Setting Up Video Equipment

It is easy to get lost in the moment and forget crucial settings on your video camera. For example, I like to use auto-focus to focus the camera and then to shut off the autofocus just before shooting. I have forgotten both of these steps in the past with negative results. I have also forgotten to check that the camera mounted mic is recording property. It may help to make a checklist of the steps needed to set up the camera for recording.


In linguistic fieldwork, we do not usually have additional people to perform the various tasks that need to be done during a shot. So, the linguist must do them all. When recording your job is to monitor the scene (on the camera screen), and to monitor the sound using both earphones and looking at the levels on the mic. Sometimes it is possible to correct problems that come up as the recording is taking place (e.g., in the recording levels). Sometimes you will have to redo the scene after correcting the problem.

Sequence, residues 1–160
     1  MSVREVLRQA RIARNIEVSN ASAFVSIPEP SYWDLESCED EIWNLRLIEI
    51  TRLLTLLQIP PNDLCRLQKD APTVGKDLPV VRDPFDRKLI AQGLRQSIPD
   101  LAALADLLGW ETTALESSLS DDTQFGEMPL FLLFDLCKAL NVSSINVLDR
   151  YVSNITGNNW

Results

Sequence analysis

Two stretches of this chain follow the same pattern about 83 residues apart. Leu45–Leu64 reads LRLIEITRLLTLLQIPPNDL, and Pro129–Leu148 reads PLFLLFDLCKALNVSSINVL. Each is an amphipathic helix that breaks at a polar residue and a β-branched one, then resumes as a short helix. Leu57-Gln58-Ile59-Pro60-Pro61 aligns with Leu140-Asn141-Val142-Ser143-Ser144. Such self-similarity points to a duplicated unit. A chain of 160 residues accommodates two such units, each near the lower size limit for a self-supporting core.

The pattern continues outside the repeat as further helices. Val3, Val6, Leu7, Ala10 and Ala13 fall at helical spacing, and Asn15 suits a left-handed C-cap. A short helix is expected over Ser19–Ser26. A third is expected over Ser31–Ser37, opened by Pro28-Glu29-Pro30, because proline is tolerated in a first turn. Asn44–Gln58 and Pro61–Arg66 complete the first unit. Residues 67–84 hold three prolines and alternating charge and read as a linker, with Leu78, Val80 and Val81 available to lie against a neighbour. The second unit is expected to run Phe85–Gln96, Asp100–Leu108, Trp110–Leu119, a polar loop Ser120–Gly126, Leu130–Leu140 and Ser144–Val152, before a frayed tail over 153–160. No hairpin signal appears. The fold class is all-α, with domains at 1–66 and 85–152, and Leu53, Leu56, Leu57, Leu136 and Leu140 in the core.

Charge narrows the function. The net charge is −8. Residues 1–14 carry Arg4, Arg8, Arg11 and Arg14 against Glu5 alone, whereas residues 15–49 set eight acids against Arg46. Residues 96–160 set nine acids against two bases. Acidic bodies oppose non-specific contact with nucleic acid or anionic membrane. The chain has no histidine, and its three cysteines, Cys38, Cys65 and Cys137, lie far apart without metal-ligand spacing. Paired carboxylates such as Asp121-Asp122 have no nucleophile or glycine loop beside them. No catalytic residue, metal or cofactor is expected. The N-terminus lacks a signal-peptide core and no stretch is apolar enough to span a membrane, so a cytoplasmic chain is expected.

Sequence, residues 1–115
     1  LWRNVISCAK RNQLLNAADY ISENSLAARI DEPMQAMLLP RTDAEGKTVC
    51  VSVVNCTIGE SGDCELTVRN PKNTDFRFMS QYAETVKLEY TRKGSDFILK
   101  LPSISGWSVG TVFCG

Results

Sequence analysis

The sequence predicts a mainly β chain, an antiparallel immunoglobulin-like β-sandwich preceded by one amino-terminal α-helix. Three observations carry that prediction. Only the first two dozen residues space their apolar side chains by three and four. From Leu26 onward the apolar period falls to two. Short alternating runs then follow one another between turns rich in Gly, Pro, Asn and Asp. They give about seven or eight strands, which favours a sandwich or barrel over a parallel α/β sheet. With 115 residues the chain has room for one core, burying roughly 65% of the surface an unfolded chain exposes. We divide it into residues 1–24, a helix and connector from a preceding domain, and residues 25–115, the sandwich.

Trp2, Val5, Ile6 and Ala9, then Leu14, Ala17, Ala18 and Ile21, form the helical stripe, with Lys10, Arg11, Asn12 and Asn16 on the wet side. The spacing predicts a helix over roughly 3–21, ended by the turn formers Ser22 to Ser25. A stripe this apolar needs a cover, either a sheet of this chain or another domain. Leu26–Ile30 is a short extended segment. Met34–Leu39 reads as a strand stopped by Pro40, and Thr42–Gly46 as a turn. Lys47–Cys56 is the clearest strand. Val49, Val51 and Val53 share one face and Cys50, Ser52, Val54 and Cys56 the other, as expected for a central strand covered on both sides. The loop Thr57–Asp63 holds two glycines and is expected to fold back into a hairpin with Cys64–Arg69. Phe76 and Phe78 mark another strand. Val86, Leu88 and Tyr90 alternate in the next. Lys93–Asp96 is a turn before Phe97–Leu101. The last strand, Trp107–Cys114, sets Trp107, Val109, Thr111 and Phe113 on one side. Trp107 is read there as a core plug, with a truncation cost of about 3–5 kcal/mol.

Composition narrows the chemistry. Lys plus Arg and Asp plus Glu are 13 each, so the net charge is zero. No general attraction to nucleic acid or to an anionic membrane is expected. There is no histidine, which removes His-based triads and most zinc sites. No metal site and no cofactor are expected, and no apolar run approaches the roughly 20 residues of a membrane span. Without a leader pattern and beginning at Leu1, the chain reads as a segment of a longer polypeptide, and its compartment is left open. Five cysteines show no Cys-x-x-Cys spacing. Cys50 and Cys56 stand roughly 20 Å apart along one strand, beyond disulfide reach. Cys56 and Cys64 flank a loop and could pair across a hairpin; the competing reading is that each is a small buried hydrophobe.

Backing Up the Video and Audio

You need to back up your video and audio files onto two external hard drives. If one hard drive is destroyed or damaged, you will have the other as a backup. If you try to use your computer for back up, its hard drive will fill up quickly. You can also keep copies of the SD cards that you used in the camera and audio recorder as a third back up, but make sure to label them and keep them in a safe place.

Creating Meta-Data

When you start to have a large number of videos (e.g., 10 and over), it will be difficult to remember where they are stored on your hard drives. It is useful to create a sheet of meta-data, recording basic things like the name of the video, the date and place of the recording, the name of the speaker, the language spoken, the duration of the video and perhaps other information (such as the status of processing, e.g., transcribed, transferred to FLEx, etc.). You should plan to update the meta-data sheet whenever you make a new video. The meta-data sheet will come in handy when you are archiving (see below).

Transcribing and Translating

The most time consuming part of the entire process is transcribing and translating. You should use ELAN for this step, since it allows you to integrate the transcription of the sound file with the video file.

Lexical Elicitation